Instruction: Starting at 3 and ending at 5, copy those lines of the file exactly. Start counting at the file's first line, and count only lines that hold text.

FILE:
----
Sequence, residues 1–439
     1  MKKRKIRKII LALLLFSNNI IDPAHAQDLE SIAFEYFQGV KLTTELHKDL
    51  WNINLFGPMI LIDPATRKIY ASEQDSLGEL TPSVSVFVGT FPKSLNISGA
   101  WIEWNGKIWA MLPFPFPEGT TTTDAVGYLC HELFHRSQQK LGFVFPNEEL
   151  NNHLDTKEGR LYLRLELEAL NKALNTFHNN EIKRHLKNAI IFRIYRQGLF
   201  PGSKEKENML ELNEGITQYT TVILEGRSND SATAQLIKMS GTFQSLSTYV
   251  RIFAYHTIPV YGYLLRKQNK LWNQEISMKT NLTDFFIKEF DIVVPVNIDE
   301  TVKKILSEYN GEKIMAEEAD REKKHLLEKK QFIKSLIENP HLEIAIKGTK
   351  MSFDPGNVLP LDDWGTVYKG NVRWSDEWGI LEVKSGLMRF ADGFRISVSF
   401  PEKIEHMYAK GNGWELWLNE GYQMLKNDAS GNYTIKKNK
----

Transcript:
    51  WNINLFGPMI LIDPATRKIY ASEQDSLGEL TPSVSVFVGT FPKSLNISGA
   101  WIEWNGKIWA MLPFPFPEGT TTTDAVGYLC HELFHRSQQK LGFVFPNEEL
   151  NNHLDTKEGR LYLRLELEAL NKALNTFHNN EIKRHLKNAI IFRIYRQGLF